Stanley Clarke - 1, 2, to the Bass - So close, and yet so far

2006-03-29 18:21
 

Maybe it was due to a jazz-rock hangover, but the 90s found Clarke taking time off to score soundtracks and TV shows in the process picking up several Grammy Awards and Emmy Nominations.

His first album of new material in a decade 1, 2, To the Bass shows that it's obviously been a good sabbatical with Clarke clearly having spent his listening hours digesting an array of musical flavours from hip-hop, R&B and funk to rock 'n roll and global beats. The liner notes take pains to suggest that Clarke was keen not to make "a nice jazz record." And indeed, he's succeeded. The opening title track ambles to a laid-back acid jazzy beat reminiscent of Digable Planets with Q-Tip's languid spoken word rap an enticing lyrical breeze.

It's pretty self-effacing stuff and a completely unpretentious and accessible listen with Clarke actually downplaying his skills rather than celebrating his chops. "Simply Said" finds the bassist sculpting a familiarly wistful smooth jazz mood that segues into a stylish R&B jam ("Where is the Love") where Glen Lewis and Amel Larrieux ooze an old school soul duet style. "Anna (She Love the Good Life)" is a sweeping strings 'n bass workout with "Los Caballos" a delicate ramble. Similarly, the homage to Wes Montgomery, George Benson and Pat Martino ("Just Cruzin') is well, steeped in a sense of tribute.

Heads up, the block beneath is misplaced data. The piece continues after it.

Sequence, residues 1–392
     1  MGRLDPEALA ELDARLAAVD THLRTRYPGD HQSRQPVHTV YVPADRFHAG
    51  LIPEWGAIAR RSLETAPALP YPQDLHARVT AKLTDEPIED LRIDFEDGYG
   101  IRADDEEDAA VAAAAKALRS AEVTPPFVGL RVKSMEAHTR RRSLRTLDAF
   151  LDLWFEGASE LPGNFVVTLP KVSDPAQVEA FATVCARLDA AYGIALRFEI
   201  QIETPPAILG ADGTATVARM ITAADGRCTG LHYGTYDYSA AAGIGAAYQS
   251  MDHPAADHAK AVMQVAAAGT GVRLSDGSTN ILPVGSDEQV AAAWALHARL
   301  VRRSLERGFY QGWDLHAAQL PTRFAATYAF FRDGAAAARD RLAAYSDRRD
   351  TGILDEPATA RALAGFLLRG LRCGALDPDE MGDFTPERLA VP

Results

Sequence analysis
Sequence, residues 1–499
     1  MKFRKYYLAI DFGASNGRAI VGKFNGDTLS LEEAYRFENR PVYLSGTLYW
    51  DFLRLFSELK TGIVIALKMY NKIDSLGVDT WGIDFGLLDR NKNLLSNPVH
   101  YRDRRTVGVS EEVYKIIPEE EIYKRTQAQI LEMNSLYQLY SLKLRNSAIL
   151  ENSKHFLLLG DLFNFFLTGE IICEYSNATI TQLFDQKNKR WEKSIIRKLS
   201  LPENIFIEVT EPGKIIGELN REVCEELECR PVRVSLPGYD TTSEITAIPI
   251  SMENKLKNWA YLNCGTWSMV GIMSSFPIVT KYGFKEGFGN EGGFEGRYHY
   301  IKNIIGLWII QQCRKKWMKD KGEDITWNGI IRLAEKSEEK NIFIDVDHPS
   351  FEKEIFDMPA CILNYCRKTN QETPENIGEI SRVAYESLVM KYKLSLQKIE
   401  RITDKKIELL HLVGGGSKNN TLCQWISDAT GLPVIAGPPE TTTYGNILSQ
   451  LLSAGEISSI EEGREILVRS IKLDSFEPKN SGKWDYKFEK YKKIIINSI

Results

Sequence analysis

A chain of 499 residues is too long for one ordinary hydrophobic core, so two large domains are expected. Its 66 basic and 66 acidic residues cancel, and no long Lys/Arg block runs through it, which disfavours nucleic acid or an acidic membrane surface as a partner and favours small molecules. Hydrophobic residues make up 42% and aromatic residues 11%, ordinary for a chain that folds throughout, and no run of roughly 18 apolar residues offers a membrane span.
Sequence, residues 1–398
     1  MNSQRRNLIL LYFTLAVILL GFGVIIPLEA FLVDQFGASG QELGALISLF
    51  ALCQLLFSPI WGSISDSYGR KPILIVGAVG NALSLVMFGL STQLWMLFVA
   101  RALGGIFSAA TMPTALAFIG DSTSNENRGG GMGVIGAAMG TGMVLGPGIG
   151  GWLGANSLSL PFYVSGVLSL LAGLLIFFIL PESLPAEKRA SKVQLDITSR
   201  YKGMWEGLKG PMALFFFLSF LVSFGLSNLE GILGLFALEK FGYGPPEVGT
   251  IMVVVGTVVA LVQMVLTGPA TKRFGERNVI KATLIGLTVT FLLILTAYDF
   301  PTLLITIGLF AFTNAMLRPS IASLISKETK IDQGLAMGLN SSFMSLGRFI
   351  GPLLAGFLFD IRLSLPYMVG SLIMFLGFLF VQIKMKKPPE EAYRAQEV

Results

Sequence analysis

Unfortunately, it's precisely at this point where things take a turn for the worse. "All the Children" is an uplifting paean with violinist Dr. L. Subramaniam and drummer Vinnie Colauita unable - or maybe responsible for - the saccharine new age ache. Something that finds its natural climax in the almost unbelievable: Oprah (yes, Winfrey) reciting a Maya Angelou poem set to Clarke and a host of collaborators mood scape. Okay, it's a haunting slice of consciousness. But it's Oprah for f**k's sake! Whose overblown spoken word delivery reeks of talk show soap melodrama. Not even the closing elegy of "Shanti..." that taps into a suitably hymn-like melting pot of Middle Eastern moods can redeem this complete anomaly.


Back in the 70s bassist Stanley Clarke's virtuoso on solo hit albums such as School Days (1976) earned him a reputation as the premier bass player-composer in mainstream jazz.

asdf 2003/10/07 2:04 PM
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